Water is an important and renewable resource, and cotton growers strive to use it responsibly, using practices like no-till farming and advanced irrigation systems to optimize water use.1 In fact, most U.S. cotton is produced using only natural rainfall.2

With just one one acre-inch of rain, modern cotton varieties tend to yield at least 50 pounds of lint and 75 pounds of seed3 – enough to make more than 170 t-shirts and feed more than 10 cows.4

In the past 35 years, U.S. cotton producers have reduced their irrigation water use by 79% per bale.5

The U.S. cotton industry set a ten-year sustainability goal to further decrease water use by 18% by 2025.6

In the U.S., 64% of cotton produced requires no irrigation, 31% receives supplemental irrigation, and only 5% is fully irrigated.7,8



When rainfall is not sufficient, many cotton growers in developed cotton-growing countries use advanced irrigation systems to efficiently provide supplemental water to cotton crops. Supplemental irrigation can be a critical factor in the overall sustainability of cotton crops; in some cases, the amount of cotton lint per acre can double.9

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Textile Dyes

Textile Dyes

New textile dyeing processes embed dye within the cotton fibers instead of coating them, or use foam dyeing for jeans, which reduces water waste in the manufacturing process.

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Water Run-Off

Water Quality

Many cotton growers employ conservation tillage practices and other regenerative agriculture practices to improve surface water quality and soil health and reduce run-off, in turn increasing the soil’s water holding capacity.10,11

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In the U.S., 65% of cotton acreage doesn’t use irrigation.12

A Confident Future for Water Conservation

Every liter of water used to grow this essential crop matters. Cotton growers are committed to using water responsibly through intelligent irrigation, water management practices that ensure water also benefits local ecosystems, and manufacturing processes that minimize water use or recapture water for reuse, such as foam dyeing of jeans. Cotton Incorporated directs research intended to continually improve irrigation efficiency and lower cotton’s environmental impacts.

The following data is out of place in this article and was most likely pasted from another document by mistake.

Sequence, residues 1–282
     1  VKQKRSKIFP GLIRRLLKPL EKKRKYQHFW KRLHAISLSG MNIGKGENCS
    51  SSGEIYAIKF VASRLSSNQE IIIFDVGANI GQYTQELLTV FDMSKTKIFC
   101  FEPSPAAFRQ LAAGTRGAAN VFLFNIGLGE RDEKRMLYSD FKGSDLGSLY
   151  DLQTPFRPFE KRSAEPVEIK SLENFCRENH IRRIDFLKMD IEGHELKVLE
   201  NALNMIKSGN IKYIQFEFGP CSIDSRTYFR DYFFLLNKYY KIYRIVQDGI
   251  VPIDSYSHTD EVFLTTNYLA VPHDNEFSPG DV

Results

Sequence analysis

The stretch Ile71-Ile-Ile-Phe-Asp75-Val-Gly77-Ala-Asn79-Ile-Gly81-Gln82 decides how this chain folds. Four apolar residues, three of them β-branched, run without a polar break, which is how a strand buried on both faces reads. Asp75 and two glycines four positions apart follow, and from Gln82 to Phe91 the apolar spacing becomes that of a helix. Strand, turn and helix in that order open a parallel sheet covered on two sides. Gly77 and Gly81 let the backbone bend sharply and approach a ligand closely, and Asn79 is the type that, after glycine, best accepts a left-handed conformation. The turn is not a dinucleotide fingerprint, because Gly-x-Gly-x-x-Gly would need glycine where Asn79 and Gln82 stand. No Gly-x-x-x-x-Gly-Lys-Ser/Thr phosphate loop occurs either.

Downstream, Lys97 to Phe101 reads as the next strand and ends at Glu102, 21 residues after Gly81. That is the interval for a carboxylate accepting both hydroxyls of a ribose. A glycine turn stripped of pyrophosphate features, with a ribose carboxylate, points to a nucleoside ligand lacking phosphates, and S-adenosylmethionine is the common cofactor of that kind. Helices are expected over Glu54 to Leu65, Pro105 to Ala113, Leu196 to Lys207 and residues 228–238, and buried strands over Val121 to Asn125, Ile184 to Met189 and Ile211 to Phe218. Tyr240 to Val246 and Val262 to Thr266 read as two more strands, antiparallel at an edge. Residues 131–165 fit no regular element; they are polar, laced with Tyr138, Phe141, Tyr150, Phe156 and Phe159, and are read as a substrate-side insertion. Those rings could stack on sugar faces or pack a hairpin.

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  1. Barnes, E. M., et all 2020 (1970, January 1). Forty years of Increasing Cotton’s water productivity and why the trend will continue. Applied Engineering in Agriculture. https://doi.org/10.13031/aea.13911.
  2. United States Department of Agriculture National Agricultural Statistics Service (2019). 2018 Irrigation and Water Management Survey. www.nass.usda.gov/Publications/AgCensus/2017/Online_Resources/Farm_and_Ranch_Irrigation_Survey/fris.pdf.
  3. Zwart, S. J., & Bastiaanssen, W. G. M. (2004). Review of measured crop water productivity values for irrigated wheat, rice, cotton and maize. Agric. Water Manag., 69(2), 115-133. https://doi.org/10.1016/j.agwat.2004.04.007.
  4. Zwart, S.J., and W.G.M. Bastiaanssen. 2004. Review of measured crop water productivity values for irrigated wheat, rice, cotton and maize. Agricultural Water Management 69:115-133. https://www.aces.edu/blog/topics/beef/whole-cottonseed-use-in-beef-cattle-diets/#:~:text=When%20whole%20cottonseed%20is%20fed,to%201.3%20pounds%20of%20fat
  5. Field to Market: The Alliance for Sustainable Agriculture. (2016). Environmental and Socioeconomic Indicators for Measuring Outcomes of On-Farm Agricultural Production in the United States Field to Market. http://fieldtomarket.org/media/2016/12/Field-to-Market_2016-National-Indicators-Report.pdf.
  6. U.S. Cotton Ten Year Sustainability Goals: Pathways to Progress. (n.d.). https://cottonstging.wpengine.com/wp-content/uploads/2018/02/Cotton_Sustainability_2018_low.pdf.
  7. United States Department of Agriculture National Agricultural Statistics Service. (2019). 2019 Agricultural Statistics. https://www.nass.usda.gov/ Publications/Ag_Statistics/2019/2019_complete_publication.pdf.
  8. United States Department of Agriculture National Agricultural Statistics Service (2018). 2018 Irrigation and Water Management Survey. https:// www.nass.usda.gov/Publications/AgCensus/2017/Online_Resources/Farm_and_Ranch_Irrigation_Survey/fris.pdf.
  9. Jalota, S. K., Sood, A., Vitale, J. D., & Srinivasan, R. (2007). Simulated crop yields response to irrigation water and economic analysis: Increasing irrigated water use effi ciency in the Indian Punjab. Agronomy Journal, 99(4), 1073–1084. https://doi.org/10.2134/agronj2006.0054.
  10. Wall, D. H. (2012). Soil ecology and ecosystem services. Oxford University Press. https://www.oxfordscholarship.com/view/10.1093/acprof:oso/9780199575923.001.0001/acprof-9780199575923.
  11. Daystar, J. S., Barnes, E., Hake, K., & Kurtz, R. (2016). Sustainability Trends and Natural Resource Use in U.S. Cotton Production. BioResources, 12(1), 362–392. https://doi.org/10.15376/biores.12.1.362-392.
  12. Australian Cotton Sustainability Report 2019: Snapshot . (n.d.). https://www.crdc.com.au/sites/default/files/pdf/Sustainability%20Report%20snapshot.pdf.